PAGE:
The idea that the two make up the story as they go along, providing a nice little "movie within a movie," is a novel one. In practice, however, the set-up has been wasted. Some elements are a bit amusing (jabs at method actors; Gabrielle's ideas getting progressively weirder as she drinks; self-referential commentary by the characters in the script), but most of it falls flat or takes a joke too far. The comedy ranges from broad to very subtle (I did enjoy a few veiled references to Hepburn's work in Breakfast at Tiffany's and Charade), but most of it is fairly obvious. Likely, the audience will see most of the punchlines coming a mile away. I recognize what the writer was trying to do. A movie that points out the clichés inherent in moviemaking must have sounded novel once (seeing this post-Scream certainly doesn't help), but that doesn't excuse the dull writing.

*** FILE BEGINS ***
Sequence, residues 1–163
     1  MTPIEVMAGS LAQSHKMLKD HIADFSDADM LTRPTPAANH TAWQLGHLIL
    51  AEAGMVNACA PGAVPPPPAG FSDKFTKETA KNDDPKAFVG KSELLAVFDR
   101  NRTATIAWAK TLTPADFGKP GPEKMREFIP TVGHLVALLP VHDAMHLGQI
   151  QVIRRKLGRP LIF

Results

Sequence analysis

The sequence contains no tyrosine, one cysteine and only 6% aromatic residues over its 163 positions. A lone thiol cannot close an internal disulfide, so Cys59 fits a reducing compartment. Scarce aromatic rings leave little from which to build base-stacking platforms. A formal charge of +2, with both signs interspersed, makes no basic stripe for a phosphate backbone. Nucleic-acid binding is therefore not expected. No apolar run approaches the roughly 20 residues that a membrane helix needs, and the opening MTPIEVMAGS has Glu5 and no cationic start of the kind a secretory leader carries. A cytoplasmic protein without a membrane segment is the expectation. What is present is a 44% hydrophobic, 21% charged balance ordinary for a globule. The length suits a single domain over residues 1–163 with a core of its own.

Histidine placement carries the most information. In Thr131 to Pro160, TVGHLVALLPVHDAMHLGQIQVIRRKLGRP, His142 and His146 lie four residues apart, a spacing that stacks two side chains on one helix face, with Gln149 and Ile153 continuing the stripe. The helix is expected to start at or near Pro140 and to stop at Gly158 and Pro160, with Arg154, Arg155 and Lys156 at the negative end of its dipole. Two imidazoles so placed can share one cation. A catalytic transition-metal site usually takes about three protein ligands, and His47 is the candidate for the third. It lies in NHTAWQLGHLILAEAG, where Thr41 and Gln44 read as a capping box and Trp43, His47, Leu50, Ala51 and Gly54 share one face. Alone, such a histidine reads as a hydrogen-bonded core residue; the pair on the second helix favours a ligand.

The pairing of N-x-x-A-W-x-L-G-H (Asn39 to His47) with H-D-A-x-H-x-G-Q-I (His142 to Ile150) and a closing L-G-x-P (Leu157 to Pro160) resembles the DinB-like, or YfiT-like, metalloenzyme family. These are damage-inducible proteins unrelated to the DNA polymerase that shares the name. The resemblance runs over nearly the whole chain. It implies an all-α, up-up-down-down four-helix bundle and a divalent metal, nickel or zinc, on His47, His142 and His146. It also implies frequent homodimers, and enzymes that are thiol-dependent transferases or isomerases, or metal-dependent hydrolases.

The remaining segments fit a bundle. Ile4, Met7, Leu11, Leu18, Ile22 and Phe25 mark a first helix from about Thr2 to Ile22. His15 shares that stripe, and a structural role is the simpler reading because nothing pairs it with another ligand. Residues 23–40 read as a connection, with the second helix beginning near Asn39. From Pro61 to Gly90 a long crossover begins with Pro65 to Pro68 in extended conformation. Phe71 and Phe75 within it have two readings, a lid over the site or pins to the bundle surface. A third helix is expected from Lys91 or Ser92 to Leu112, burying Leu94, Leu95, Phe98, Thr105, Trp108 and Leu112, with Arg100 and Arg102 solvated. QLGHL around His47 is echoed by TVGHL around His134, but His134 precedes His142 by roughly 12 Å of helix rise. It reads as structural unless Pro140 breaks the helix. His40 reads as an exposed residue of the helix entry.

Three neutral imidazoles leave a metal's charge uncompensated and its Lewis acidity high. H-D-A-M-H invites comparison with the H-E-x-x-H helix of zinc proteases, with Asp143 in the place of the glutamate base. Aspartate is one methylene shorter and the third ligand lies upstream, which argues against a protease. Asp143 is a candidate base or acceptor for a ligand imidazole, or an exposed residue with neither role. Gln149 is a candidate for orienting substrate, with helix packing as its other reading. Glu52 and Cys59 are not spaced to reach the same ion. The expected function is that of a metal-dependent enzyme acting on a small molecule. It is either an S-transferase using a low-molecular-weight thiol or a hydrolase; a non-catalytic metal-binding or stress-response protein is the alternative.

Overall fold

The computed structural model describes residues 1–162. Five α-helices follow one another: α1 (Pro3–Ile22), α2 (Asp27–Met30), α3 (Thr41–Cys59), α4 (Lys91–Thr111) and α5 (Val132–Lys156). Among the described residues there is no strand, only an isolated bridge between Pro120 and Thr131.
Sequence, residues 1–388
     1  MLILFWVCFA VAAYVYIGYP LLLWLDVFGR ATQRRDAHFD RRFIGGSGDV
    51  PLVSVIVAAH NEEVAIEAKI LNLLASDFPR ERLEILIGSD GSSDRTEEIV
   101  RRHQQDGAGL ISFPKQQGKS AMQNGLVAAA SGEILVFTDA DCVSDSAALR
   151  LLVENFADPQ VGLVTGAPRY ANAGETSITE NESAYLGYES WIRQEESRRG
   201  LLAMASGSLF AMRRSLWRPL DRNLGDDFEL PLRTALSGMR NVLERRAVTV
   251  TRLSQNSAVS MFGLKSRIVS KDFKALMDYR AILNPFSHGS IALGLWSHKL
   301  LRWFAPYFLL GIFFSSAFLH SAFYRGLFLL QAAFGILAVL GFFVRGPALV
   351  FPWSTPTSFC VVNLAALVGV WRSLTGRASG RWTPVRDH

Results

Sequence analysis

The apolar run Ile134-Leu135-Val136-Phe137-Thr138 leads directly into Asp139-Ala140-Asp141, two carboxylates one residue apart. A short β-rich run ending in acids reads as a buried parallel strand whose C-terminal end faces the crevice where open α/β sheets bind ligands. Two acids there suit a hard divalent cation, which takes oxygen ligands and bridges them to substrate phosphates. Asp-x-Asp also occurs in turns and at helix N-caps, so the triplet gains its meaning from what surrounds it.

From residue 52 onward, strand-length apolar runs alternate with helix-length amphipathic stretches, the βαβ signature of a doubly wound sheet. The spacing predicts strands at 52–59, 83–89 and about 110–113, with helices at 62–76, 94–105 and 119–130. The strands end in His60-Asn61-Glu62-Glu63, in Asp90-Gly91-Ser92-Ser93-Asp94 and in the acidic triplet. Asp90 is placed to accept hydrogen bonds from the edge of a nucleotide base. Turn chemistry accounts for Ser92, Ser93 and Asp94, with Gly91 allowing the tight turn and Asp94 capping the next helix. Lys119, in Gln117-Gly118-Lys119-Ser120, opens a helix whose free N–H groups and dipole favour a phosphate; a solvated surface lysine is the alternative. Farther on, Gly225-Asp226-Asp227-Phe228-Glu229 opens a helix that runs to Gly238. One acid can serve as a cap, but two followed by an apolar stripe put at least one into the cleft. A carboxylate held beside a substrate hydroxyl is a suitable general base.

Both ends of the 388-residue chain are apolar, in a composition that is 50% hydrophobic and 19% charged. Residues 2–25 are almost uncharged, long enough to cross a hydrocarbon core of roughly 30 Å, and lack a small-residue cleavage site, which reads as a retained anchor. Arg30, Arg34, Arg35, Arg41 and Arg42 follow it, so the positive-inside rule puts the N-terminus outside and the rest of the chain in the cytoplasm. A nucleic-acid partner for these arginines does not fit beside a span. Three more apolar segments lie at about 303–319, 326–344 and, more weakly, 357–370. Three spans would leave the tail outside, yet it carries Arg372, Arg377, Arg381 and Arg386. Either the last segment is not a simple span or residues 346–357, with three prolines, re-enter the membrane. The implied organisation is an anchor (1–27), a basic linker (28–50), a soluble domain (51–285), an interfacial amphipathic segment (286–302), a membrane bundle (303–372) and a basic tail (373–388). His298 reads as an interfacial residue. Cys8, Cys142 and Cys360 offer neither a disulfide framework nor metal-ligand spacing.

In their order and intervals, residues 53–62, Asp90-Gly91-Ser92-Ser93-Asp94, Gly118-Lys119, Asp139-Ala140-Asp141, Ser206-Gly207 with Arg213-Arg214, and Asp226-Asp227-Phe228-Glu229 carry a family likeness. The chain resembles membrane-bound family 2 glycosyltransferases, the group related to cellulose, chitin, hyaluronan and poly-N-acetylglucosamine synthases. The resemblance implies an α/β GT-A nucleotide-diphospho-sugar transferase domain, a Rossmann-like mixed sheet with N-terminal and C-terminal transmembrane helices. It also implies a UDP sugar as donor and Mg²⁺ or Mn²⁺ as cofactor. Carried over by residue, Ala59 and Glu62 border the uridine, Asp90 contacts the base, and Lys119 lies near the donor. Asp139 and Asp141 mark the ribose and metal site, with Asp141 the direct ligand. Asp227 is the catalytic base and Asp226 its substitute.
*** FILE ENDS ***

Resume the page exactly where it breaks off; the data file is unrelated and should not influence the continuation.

Hepburn and Holden both earned their paychecks with this one. Not only do they carry the film, they hoist it onto their shoulders and up a mountain of mediocrity, to the peak of Mt. Average. Hepburn is excellent as the wide-eyed Gabrielle, and she carries off her role in the "film within...etc." with aplomb, playing the comedic aspects of the different characters very well. She is even able to wrench a touching moment out of the banal, contrived (but admittedly so) ending. Holden is good in his dual roles as well, but I more enjoyed him as the smarmy screenwriter. Watch for a farcical cameo from Tony Curtis and a brief walk-on by Marlene Dietrich.